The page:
England suffered its most humiliating defeat in an international tournament in over 60 years when it was eliminated from the European Championship by Iceland on Monday in Nice, one of the biggest upsets in the history of the game.
The 2-1 defeat led manager Roy Hodgson to immediately resign and will lead to a merciless postmortem as the English media dissect a Euro 2016 campaign that drifted from the mediocre to the abysmal and finally to the utterly abject.
For Iceland, it was the greatest moment in its soccer history — the team was never even expected to qualify for the tournament, eliminating the Netherlands en route to France, nor was it expected to leave the group stage. Yet now, the country of 320,000 people finds itself in the quarterfinals and up against host France, which will certainly not be relishing that encounter.
Iceland’s spirit and unity appeared evident throughout the 90 minutes, as was its organization and discipline, excellent defending and ability to make the most of chances. Its display elicits inevitable comparisons with Greece’s 2004 team, which remains the most unlikely winners ever of the European title.
But in terms of shock value, the result will resonate as much globally as North Korea’s victory over Italy during the 1966 World Cup or Senegal’s triumph over France in the opening game of the 2002 edition in Japan and South Korea. This was the odds being overturned massively.
Until Monday, the Brits considered their 1-0 loss to the United States in the 1950 World Cup as its most embarrassing result in a major tournament. Back then, the U.S. team was a barely organized collection of part-time players and the win, thanks to a goal from Haitian-born Joe Gaetjens, shocked an English team playing in its first international tournament in the sport it considered their invention.
In more recent times, many English fans recall a 2-0 loss to Norway — then considered relative minnows — in 1993 that contributed to the Three Lions missing out on a place in the 1994 World Cup. This loss had a striking similarity to Monday’s defeat; Nordic opponents, a manager who looked out of his depth and a team that played with fear, as if anticipating the backlash to come.
England’s Premier League is the richest and most-watched domestic soccer competition in the world, but the national team has won nothing since its World Cup triumph 50 years ago on home soil. Indeed, England’s only sniff of glory since its run to the semifinal of the World Cup in Italy in 1990 also came with home-field advantage, when it reached the last four of Euro ’96.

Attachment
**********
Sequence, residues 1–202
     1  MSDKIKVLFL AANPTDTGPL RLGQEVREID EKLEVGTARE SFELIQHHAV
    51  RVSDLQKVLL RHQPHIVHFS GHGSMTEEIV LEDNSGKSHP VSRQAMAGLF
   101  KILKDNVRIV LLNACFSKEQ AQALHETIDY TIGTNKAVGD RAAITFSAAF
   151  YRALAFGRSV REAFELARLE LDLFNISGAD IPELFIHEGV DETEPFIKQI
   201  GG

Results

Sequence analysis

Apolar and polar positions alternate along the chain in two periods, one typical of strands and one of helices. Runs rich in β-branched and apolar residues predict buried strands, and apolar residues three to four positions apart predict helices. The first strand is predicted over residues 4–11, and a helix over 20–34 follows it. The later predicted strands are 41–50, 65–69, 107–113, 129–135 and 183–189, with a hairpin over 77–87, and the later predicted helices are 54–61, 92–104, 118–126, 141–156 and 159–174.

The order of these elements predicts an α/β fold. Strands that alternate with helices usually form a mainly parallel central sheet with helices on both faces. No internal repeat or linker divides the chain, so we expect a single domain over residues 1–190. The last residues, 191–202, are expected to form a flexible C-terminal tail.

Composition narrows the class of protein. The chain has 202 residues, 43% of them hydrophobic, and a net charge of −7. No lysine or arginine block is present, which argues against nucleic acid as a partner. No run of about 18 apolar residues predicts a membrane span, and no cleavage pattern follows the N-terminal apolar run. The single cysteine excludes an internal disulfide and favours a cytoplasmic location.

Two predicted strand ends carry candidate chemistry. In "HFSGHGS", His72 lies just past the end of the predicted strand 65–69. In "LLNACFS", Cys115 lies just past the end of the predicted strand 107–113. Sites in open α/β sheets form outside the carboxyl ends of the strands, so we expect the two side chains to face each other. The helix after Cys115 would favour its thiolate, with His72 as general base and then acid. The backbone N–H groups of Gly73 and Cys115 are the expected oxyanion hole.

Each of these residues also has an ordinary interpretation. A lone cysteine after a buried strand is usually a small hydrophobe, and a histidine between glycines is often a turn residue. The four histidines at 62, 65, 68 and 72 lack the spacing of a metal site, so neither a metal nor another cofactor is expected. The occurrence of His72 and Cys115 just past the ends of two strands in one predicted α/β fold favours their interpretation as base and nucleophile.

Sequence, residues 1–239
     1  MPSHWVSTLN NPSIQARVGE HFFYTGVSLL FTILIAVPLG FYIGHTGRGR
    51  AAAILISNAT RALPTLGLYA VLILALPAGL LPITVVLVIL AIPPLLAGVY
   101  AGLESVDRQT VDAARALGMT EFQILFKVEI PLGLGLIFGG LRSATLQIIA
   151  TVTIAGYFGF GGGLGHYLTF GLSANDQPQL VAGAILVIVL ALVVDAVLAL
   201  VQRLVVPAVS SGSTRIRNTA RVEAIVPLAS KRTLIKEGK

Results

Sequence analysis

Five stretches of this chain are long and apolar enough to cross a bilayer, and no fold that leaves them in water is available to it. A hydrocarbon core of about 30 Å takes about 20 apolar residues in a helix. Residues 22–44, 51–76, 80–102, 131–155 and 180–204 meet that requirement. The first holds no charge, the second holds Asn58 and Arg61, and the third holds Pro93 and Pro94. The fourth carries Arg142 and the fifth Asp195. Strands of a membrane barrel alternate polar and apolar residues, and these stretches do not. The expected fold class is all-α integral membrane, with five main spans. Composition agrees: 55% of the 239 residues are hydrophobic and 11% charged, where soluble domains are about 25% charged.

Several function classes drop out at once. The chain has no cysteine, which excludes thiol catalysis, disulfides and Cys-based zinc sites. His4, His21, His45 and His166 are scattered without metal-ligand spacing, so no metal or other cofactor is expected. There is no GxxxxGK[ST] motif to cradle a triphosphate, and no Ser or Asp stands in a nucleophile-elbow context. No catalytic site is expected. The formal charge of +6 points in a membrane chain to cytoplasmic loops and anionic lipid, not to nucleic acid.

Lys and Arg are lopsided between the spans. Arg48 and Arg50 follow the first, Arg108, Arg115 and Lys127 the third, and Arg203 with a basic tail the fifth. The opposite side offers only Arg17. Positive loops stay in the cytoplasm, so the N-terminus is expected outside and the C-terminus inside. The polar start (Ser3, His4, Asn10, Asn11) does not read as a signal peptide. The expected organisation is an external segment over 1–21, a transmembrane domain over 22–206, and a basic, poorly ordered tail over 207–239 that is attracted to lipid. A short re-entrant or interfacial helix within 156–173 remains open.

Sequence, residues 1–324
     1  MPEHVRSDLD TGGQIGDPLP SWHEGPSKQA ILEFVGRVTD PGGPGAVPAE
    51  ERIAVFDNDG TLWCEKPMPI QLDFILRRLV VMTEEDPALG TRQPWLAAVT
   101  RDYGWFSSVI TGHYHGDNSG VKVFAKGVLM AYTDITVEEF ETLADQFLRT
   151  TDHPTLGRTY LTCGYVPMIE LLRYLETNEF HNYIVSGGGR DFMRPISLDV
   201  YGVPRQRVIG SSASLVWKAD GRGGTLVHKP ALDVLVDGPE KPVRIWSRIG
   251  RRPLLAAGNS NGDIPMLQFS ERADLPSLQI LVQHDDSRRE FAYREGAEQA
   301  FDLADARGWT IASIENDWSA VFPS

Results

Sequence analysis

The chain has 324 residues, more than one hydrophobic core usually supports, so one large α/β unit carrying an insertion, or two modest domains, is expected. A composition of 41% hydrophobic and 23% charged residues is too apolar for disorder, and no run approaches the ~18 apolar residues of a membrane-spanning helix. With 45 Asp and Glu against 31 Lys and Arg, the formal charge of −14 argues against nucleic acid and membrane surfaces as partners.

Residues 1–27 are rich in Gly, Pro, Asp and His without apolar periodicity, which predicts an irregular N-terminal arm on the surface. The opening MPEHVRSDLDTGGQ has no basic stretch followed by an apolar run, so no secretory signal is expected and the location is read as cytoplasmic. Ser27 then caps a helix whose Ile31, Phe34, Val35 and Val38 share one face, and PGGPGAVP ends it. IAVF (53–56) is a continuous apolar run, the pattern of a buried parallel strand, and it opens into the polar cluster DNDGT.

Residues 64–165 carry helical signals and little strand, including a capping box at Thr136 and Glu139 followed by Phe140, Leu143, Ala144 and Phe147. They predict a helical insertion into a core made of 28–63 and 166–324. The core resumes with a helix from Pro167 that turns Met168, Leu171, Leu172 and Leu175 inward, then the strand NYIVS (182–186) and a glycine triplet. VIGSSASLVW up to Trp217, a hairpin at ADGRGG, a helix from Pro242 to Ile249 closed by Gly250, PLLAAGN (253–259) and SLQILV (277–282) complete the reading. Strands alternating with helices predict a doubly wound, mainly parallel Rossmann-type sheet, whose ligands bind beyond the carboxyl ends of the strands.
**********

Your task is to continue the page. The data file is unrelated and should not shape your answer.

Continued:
Too often in the past, the English media overhyped their average teams and set up the fans for disappointment. But the near constant failure of the national team to live up to expectations has gradually created an atmosphere of jaded cynicism among many English soccer followers.
This year, there was an unusual level of optimism, and it was not without foundation. Hodgson was able to draw from a group of young players who enjoyed excellent seasons in the Premier League, notably Harry Kane of Tottenham and Jamie Vardy of Leicester City, two strikers in great form. There appeared an abundance of attacking options for the front line and midfield. But Kane looked a completely different player in the England jersey while Vardy was restricted to the bench for all but the final group game against Slovakia, and Hodgson never managed to find anything that resembled a working formation.
But for the neutrals, who had already enjoyed Leicester City’s remarkably improbable Premier League title win this year, this was a reminder of one of soccer’s great attractions as a sport — the possibility for a team that, on paper, is made up of modest and unheralded ability, to triumph against big-name and highly-rated opponents, should it get the game plan right and execute it to perfection for 90 minutes.
Is there more to come? The Icelandic players will certainly believe they can produce an even bigger surprise Sunday at the Stade de France against the host nation and one of the tournament favorites.
They couldn’t, could they?